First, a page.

It is only a matter of time before CTE is discovered in the brain of a New Zealand rugby player and once one is found, many will follow.
That is the message from Dr Chris Nowinski, the co-founder of the Concussion Legacy Foundation, which today launched a collaboration with Auckland University's Centre for Brain Research.
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The brain-bank partnership has been forged with the aim of collecting donors from New Zealand's contact sports community to learn more about the impact of head trauma of the long-term health of those playing the likes of rugby, league and other sports where head knocks are common.
The focal point for the research is CTE - chronic traumatic encephalopathy - a degenerative brain disease discovered in the brains of more than 100 deceased NFL players.
"While we like to talk about the sports as slightly different - football players in America have helmets is the big one - the brain doesn't know what's hitting it," Nowinski said. "It all comes down to getting hit in the head and how hard you're getting hit in the hit. In rugby you're getting hit hard in the head frequently."
Nowinski was gratified to see that New Zealand Rugby had already adopted practices aimed at reducing contact to the head, whether it be offering non-contact versions of the sport until later, or reducing contact in practice.
"In other countries you have to fight for what seem like obvious changes but I've been thrilled to learn New Zealand Rugby already making these changes without us having to ask."
None of the major contact sports codes were represented at the launch, something that did not surprise, or unduly worry, the organisers.
"The All Blacks are the most recognisable rugby team in the world and it is amazing to see the All Black community already supporting the brain bank," Nowinski said.
The Herald has revealed that the families of several former All Blacks have already expressed an interest in donating their loved ones' brains to the centre. The families of Neil Wolfe and Waka Nathan were yesterday represented at the launch, as was former Junior All Black John 'JJ' Williams, who has already committed his brain to the team led by Sir Richard Faull.
Williams travelled up from Taupo for the launch as he said it was a massive opportunity to what out "what is going on with me".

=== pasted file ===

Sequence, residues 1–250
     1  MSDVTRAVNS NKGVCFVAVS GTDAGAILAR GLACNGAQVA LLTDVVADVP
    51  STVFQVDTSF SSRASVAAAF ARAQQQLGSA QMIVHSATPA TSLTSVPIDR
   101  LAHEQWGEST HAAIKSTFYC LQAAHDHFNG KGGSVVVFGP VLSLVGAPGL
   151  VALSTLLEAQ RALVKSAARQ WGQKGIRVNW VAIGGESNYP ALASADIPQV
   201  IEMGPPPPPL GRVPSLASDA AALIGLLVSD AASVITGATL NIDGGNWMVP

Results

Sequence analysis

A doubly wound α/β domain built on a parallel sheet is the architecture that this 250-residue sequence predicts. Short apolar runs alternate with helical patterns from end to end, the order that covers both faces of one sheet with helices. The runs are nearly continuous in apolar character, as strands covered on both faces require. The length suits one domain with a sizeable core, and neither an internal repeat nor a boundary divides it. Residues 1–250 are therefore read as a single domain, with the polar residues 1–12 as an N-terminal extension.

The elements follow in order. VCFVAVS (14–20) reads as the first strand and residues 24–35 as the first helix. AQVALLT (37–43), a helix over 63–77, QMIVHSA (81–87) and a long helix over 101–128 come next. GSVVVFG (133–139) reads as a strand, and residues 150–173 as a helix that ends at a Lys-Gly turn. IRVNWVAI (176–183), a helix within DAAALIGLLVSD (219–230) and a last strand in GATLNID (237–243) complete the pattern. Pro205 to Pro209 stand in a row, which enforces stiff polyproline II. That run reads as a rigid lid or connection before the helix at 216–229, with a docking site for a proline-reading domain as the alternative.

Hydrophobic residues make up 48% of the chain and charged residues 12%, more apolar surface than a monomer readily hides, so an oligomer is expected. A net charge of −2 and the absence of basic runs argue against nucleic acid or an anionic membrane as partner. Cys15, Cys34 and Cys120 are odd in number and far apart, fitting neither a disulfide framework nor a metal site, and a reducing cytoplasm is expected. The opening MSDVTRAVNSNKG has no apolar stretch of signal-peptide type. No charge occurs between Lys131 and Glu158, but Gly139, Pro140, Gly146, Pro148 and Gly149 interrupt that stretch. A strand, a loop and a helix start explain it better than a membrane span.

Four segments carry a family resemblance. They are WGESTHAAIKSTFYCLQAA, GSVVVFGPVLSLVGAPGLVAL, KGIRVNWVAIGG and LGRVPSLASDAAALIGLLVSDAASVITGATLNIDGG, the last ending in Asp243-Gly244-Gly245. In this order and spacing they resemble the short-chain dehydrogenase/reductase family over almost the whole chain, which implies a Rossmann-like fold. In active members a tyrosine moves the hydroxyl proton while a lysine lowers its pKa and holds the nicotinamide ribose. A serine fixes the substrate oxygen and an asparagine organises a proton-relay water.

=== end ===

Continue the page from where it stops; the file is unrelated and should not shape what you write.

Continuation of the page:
Williams has been suffering from cognitive difficulties for some years now and wonders whether multiple concussions during his first-class playing career could have contributed to his plight.
Sir Bryan Williams was a guest speaker and shared his recollections of being knocked out during his career and the lack of treatment or return-to-play protocols that existed in those days.
"New Zealand is special, partly because you have amazing scientists here, and also because the reputation of New Zealand in rugby is global," Nowinski said.
The Boston University brain bank, the largest of its kind looking for CTE in sportsmen and women, has about 14 brains of former rugby players, many of whom have been subsequently found to have CTE.
The first All Black who is found to have died with CTE will raise the awareness of the risks of head trauma in the sport to a far greater level here, just has the discovery of CTE in three former professional league players in Australia has done across the Tasman.
"We'll never have a good understanding of [the potential relationship between] rugby and CTE just by studying brains in America," Nowinski said.
While fears rise about the prevalence of CTE in former athletes, the AUT's Dr Patria Hume added a precautionary note, saying we only know about a small portion of the CTE picture.
"We need an 80-plus year study where we recruit children now before they have any head impacts and follow them until death, measuring impacts, diet, alcohol consumption, exercise and other social and environmental factors so we can get the whole picture," Hume said.
"As a biomechanist, I'm almost certain trauma plays a role, but how big? Is it five per cent, is it 95? We just don't know yet."